Following our recent look at CRO (Conversion Rate Optimisation, or how to get visitors to convert into customers) we wanted to make some essential points about content and how important it is in the design process - especially in advanced UX and IU website projects.
Building a sensible information architecture
Traditionally, the digital industry put content towards the end in a design project's timeline.
Content, however, is a key building block for the entire project. It can be used strategically to improve user experience (UX) and conversion rate optimisation (CRO), to achieve tangible bottom line results.
Smart companies use language to craft better experiences, even at the design stage. Language that will complement, enhance and bring their design elements to life while sketching them. How? By sketching with words. As Biz Sanford from the Shopify UX’s team highlights:
“Words are essential for helping users accomplish their tasks, and by thinking about them while you sketch, you’ll uncover problems early and be able to move faster later”.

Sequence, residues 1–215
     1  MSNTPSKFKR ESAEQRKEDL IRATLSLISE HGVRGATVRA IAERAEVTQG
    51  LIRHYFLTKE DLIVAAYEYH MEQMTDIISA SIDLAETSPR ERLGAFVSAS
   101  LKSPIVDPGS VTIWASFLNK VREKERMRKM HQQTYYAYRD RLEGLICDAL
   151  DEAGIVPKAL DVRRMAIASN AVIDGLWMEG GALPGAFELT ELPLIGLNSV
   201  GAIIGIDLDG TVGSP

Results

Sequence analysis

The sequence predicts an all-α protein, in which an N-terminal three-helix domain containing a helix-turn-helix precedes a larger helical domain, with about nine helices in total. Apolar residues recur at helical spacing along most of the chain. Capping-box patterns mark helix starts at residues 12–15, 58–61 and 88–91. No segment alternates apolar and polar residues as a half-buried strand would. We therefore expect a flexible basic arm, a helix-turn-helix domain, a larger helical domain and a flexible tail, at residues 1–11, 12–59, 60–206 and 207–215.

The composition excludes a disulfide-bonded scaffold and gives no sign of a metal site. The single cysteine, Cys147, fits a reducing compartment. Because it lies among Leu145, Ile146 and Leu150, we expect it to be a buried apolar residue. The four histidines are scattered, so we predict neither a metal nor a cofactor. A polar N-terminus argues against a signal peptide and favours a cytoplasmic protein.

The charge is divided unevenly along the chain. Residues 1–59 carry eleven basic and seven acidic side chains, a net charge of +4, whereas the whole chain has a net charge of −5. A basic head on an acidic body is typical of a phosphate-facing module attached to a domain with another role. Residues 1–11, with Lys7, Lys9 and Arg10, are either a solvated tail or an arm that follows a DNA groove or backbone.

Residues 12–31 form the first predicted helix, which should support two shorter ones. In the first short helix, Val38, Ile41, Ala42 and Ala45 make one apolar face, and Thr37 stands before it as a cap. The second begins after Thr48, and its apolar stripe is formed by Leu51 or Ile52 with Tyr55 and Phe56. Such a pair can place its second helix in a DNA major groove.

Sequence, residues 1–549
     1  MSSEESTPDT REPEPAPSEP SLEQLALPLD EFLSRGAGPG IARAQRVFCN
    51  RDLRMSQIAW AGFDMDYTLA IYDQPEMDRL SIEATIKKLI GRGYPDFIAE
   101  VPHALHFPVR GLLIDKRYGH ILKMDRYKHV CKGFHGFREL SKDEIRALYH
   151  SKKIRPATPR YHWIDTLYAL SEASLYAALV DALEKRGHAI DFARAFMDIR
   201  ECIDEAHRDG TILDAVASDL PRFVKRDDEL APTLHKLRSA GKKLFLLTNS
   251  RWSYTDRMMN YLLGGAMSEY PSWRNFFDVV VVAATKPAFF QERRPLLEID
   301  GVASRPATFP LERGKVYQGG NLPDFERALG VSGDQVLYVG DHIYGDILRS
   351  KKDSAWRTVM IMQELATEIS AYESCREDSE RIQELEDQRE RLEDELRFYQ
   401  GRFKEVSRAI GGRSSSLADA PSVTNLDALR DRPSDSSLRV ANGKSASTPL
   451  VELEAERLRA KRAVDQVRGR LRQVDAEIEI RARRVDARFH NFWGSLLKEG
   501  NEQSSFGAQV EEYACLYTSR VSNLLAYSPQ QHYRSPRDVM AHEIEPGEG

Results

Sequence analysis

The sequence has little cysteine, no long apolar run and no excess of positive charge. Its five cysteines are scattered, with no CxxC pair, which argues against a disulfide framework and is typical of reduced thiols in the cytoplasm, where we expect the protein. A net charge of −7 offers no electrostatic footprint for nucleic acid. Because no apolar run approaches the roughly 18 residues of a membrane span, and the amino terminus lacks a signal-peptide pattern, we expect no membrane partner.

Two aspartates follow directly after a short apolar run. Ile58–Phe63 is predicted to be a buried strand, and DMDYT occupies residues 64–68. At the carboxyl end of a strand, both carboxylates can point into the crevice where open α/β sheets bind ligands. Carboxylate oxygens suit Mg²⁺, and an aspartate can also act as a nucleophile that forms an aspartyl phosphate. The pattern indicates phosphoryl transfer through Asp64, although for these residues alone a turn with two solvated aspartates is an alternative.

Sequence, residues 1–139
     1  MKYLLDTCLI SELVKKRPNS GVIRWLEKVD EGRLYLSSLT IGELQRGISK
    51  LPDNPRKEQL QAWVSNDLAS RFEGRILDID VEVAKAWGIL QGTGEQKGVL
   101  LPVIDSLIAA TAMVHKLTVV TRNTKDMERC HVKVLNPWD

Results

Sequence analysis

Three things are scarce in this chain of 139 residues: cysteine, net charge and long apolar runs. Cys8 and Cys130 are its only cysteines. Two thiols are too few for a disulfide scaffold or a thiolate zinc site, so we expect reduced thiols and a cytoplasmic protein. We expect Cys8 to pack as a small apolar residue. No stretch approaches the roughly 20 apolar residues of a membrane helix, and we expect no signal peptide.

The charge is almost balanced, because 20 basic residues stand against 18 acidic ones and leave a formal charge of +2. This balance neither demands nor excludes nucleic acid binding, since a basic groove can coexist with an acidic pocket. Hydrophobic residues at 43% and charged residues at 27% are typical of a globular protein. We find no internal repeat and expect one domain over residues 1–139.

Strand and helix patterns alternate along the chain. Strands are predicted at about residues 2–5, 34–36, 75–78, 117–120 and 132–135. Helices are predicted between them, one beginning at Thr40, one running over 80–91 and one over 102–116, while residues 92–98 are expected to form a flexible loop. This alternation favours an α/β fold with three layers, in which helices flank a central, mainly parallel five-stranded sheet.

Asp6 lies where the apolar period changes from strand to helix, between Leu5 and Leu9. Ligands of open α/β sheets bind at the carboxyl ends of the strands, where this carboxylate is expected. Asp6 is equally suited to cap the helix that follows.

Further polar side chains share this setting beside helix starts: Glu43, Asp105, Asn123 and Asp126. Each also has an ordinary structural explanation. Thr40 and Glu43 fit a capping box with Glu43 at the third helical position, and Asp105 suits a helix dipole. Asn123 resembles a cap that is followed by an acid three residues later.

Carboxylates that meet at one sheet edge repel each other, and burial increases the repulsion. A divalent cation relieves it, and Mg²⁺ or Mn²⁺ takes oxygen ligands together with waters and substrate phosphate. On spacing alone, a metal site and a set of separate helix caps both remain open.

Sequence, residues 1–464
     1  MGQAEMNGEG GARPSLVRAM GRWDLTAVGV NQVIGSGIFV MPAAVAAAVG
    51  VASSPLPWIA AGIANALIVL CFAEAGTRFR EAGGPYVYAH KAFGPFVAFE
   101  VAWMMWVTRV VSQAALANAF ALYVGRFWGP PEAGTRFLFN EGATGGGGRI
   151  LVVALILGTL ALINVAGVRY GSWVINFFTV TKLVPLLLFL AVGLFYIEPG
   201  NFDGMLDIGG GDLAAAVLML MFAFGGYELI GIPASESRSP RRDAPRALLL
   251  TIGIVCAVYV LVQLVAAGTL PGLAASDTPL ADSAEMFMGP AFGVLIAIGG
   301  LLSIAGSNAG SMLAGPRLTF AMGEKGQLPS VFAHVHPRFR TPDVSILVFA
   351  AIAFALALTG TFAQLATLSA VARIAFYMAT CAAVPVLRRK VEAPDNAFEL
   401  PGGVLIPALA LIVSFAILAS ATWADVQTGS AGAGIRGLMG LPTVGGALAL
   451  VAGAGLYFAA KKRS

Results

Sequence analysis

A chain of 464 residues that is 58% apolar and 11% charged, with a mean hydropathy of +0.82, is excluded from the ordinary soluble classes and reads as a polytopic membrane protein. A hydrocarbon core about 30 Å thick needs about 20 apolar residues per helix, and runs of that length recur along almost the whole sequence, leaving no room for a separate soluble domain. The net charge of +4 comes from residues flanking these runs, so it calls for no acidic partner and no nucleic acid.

In low-fidelity design sketches, Sanford advises that project teams work together, and use actual headings for pages and sections, key verbs and nouns, buttons and link text, using clear terms that are to the point.
Getting a variety of opinions and words will help create a natural user experience (UX) for website visitors.
A designer needs a skeleton plan to build on: answering the questions what is it that we want to say, and who are we saying it to will result in a clear idea of the content that is needed.
Knowing base messages and key information is vital before attempting to plan the general structure or skeleton of a website.
For example, sketching a layout of a landing page on services, or bundled product packages would be difficult without knowing key details about them.
We need to know not only the services on offer, but also details on the features of the service and how this should be worded (and whether it needs corresponding illustrations?) to plan the design structure accordingly.